Litsea magnifica Boerl.
It is a small tree.
Litsea magnifica is locally frequent in lowlands and hill forests.
Vessels per mm2 5 to 20. Tyloses common. Tangential diameter of vessel lumina 100 to 200 micras. Vessel-ray pits reticulate and/or foraminate. Simple perforation plates. Intervessel pits large, 10 micras or more. Simple perforation plates. Vessel-ray pits simila Paratracheal axial parenchyma scanty and/or vasicentric. Axial parenchyma aliform. Oil and/or mucilage cells in axial parenchyma (idioblasts). Larger rays more than 4 seriate. Body ray cells procumbent with one row of upright and/or square marginal cells (Kribs-III). Fibers with distinctly bordered pits.
It is reported to have a characteristic odor.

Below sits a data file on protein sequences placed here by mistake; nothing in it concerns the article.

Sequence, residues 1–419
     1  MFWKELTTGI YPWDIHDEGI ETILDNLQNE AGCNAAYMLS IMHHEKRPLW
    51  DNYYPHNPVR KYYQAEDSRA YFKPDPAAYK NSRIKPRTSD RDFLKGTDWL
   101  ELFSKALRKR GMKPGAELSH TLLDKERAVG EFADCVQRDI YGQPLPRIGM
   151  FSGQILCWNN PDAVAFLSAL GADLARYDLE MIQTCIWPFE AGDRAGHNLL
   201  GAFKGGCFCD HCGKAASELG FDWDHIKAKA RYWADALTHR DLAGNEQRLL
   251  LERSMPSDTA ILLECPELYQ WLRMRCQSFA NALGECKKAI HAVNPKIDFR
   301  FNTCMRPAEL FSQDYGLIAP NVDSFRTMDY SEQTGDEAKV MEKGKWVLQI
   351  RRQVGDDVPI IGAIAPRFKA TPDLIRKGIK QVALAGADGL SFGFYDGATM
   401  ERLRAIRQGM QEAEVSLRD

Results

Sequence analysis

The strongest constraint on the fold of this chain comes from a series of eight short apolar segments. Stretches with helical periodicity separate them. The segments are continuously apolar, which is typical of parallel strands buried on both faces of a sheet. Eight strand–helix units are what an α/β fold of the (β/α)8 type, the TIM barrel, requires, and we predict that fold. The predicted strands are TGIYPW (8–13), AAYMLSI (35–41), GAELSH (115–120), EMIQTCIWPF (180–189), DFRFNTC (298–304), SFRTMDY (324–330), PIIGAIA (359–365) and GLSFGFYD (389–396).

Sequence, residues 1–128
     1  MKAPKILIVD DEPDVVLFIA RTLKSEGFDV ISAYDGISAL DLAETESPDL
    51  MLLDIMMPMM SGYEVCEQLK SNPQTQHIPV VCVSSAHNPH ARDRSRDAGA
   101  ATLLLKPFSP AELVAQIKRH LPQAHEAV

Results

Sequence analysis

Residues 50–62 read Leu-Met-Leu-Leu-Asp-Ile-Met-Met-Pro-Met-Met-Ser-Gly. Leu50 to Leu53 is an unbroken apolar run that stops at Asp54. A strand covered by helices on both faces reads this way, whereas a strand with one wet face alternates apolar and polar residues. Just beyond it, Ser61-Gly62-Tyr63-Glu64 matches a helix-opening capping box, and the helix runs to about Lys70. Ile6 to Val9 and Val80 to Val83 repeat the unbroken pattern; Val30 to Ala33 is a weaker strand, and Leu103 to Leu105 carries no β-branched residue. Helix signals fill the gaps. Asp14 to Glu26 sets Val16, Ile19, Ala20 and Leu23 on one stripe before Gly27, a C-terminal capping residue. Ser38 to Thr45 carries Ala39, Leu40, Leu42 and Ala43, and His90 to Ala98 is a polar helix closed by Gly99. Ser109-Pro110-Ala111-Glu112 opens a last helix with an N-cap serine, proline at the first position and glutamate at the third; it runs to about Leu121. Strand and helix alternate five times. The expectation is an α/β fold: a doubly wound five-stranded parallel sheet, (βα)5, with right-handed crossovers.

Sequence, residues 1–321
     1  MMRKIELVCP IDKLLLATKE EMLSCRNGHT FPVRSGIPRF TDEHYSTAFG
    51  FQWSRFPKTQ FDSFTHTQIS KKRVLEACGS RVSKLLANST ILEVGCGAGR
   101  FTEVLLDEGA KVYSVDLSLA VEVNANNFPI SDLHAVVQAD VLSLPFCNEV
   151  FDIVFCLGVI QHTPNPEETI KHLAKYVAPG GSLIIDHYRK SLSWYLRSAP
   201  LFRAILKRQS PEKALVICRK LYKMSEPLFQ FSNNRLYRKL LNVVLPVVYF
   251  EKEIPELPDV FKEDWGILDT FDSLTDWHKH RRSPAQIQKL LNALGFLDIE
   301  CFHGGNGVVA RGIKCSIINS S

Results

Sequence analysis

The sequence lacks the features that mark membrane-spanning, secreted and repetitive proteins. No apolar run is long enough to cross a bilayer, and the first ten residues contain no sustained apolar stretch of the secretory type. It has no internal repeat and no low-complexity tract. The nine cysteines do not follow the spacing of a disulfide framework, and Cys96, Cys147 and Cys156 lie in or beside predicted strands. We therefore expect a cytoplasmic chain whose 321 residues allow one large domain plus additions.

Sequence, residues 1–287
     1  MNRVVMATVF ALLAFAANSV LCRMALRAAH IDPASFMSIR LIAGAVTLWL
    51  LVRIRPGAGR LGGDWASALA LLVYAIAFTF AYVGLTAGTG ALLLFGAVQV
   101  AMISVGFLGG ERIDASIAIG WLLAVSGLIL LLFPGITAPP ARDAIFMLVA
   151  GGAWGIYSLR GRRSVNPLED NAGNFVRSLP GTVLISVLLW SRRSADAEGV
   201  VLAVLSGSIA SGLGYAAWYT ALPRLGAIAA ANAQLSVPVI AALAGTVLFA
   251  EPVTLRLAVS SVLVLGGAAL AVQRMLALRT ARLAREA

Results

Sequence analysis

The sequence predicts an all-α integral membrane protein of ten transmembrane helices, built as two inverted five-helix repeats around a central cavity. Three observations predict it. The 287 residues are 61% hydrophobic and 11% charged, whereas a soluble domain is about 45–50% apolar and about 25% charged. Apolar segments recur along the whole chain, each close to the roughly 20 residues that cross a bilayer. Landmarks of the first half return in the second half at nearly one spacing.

The heartwood usually ranges from pale olive-brown or creamy yellow to dark greenish-brown. The sapwood is often not distinctly demarcated from the heartwood.
The grain is straight or slightly to moderately interlocked.
This species is reported to have a moderately fine and even texture.
The wood is generally not durable and it is susceptible to fungal and Lyctus attack.
The sapwood is reported to be easy to preserve but the heartwood is untreatable.
Ease of Drying: In Malaysia, boards 15 mm thick are reported to require 2 to 3 months to reach air-dry condition. Drying Defects: Slight end-splitting, bowing and cupping may also occur.
Sawmilling of this species is reportedly easy to slightly difficult.
Planing operations are rather easy.
It is easy to nail.
Finishing properties are rated as good to fair.
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